THOSE who drafted the First Minister’s route map out of lockdown are a hardy bunch. We know that because outdoor swimming is to be permitted in Phase 1, possibly commencing as early as today. Yet the ability to enter a shop and actually buy a suitable wetsuit isn’t allowed until Phase 2, still several weeks away at least.

The plan for exiting lockdown does at least provide a sense of the way ahead and plots a route back to trading for Scotland’s retailers. That’s important, as lockdown is costing non-food retailers in Scotland £130 million in lost revenue each week.

However, there is a reason most now use satnav rather than maps for journeys. Knowing where you want to go is important, but even better if you have a sense of how long it might take and of the potential delays. 

Our members in pharmacy and grocery have shown it is possible to operate safely during this coronavirus crisis regardless of the size of premises. It’s unclear therefore why Ministers have put larger stores to the back of the queue when it comes to the phased re-opening. Surely the focus ought to be re-opening safely, rather than size?

The route map is also thin on indicative timescales for moving between the differing phases, making it tricky for firms to plan ahead with confidence. ‘Personal retail services’ will be allowed to resume in Phase 3, but are undefined, so does that mean a department store can re-open but its cosmetic counters can’t? The sooner clarity is provided the better, for the retailers themselves, their staff who may be on furlough, and for suppliers.

Missing too is a plan for shopping, not just for shops. Our members know it won’t be a return to business as usual. Shopkeepers are working hard to re-open safely, and with all necessary social distancing and hygiene measures in place. SRC and Usdaw have supported these efforts by jointly producing a social distancing implementation guide, and official government guidance has been published now too. However, the missing piece of the jigsaw is a plan that allows safe navigation to and through our town centres and high streets. This has been promised in the Welsh route map, and councils in England have been awarded cash to prepare town centres, retail destinations and shoppers for the re-opening of retail next month.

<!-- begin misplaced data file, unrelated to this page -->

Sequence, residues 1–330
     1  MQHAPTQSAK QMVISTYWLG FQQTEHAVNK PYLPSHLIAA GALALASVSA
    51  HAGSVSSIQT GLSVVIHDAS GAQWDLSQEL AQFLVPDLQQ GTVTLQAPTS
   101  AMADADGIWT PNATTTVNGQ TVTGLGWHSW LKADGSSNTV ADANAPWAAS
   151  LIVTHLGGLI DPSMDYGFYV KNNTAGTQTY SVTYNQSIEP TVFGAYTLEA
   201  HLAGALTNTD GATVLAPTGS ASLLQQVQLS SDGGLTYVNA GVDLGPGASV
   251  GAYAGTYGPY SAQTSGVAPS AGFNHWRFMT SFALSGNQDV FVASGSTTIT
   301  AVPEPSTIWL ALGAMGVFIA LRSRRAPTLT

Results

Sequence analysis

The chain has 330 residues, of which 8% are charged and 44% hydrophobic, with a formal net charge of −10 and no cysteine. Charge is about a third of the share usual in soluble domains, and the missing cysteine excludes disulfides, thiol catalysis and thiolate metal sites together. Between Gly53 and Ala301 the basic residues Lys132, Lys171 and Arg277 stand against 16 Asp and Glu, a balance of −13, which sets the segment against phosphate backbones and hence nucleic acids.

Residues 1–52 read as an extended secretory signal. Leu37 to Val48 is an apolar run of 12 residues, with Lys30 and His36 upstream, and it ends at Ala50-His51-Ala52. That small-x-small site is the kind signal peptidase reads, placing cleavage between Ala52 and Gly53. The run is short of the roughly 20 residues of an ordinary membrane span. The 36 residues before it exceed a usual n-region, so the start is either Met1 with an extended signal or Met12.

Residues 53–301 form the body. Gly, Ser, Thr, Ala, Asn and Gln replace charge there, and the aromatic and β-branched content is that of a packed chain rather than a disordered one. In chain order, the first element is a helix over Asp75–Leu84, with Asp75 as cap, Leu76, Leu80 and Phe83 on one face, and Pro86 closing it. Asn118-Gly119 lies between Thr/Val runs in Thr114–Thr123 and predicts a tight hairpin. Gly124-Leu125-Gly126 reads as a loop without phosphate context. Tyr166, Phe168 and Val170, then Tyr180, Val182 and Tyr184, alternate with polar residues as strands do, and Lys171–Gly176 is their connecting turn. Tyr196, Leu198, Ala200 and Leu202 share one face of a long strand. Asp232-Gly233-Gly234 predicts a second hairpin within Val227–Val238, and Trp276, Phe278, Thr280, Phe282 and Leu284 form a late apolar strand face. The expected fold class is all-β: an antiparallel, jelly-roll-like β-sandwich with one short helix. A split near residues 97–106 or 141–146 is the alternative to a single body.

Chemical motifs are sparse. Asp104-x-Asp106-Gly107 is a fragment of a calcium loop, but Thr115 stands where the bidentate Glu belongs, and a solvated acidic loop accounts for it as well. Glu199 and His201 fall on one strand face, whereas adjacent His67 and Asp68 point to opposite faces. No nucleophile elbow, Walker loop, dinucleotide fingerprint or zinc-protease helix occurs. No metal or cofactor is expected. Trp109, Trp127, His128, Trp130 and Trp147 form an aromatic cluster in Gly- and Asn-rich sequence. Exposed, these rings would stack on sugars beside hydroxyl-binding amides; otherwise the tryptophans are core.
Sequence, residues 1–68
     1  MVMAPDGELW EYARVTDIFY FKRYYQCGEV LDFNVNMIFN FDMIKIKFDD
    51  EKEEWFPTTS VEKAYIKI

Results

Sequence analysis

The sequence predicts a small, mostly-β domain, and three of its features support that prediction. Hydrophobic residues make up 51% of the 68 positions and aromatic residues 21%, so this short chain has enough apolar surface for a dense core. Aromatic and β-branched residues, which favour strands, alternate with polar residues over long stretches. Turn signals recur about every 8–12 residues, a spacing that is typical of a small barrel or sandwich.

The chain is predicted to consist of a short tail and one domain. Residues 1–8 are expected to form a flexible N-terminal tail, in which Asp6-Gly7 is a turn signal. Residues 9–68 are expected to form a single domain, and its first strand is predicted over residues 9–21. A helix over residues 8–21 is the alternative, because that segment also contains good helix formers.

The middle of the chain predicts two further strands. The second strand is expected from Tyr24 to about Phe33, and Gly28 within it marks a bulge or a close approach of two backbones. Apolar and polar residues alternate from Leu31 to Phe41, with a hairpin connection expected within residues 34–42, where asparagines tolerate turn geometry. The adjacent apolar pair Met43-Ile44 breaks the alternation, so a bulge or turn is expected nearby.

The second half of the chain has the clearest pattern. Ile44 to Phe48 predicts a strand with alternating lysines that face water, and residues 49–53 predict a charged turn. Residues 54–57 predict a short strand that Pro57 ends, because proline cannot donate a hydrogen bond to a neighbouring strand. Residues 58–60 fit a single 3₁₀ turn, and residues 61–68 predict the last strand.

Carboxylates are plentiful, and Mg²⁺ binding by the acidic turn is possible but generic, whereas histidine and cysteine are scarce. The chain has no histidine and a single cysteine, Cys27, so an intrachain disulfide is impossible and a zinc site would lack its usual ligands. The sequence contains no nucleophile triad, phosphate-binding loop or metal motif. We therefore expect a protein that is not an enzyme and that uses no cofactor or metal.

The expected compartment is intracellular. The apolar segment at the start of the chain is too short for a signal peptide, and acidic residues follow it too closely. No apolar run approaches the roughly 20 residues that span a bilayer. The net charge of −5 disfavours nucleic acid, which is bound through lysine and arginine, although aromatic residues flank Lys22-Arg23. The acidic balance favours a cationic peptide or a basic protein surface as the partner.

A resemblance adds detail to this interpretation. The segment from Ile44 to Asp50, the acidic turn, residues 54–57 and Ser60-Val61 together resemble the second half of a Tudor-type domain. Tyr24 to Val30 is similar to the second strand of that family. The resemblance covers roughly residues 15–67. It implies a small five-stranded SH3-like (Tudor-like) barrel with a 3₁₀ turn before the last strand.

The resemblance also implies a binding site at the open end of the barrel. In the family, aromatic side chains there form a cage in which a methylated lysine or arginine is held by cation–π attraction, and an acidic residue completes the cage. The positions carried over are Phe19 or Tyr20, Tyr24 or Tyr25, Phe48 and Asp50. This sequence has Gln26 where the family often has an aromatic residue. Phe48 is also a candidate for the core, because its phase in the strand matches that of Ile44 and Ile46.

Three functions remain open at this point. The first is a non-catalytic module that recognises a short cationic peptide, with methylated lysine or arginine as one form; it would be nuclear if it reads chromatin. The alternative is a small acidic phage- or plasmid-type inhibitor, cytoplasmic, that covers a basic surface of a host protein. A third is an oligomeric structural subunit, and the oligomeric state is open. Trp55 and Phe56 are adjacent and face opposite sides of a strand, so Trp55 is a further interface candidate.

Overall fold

Indeed, a baffling lack of consistency in approaches being taken across the UK is causing mounting exasperation. Retail is an industry where a great idea and solid proposition means you can scale up the business quickly. Many Scottish headquartered household names operate across the UK.

However, differing approaches and timings to exiting lockdown across the four nations of the UK make for a complex and confusing picture.

Layered on top is a patchwork quilt of retail industry-specific or generic official guidance on how firms should operate safely, entirely dependent on which of the home nations you operate in. Some sub-sectors of retail have even been discouraged from opening in one jurisdiction, but not in others. Why such differences exist when the onus ought to be on co-operation and alignment is unclear. It’s an extra headache at a time when retailers’ revenue streams are sparse or non-existent, and uncertainty abounds. 

Running a retail business is rarely straightforward, and the trading environment wasn’t exactly plain sailing prior to coronavirus. Times have got immeasurably more challenging over the past ten weeks. Only the toughest and hardiest retailers will survive this crisis. Come to think of it, perhaps they will be the ones braving the chilly lochs this weekend. 

David Lonsdale is Director of the Scottish Retail Consortium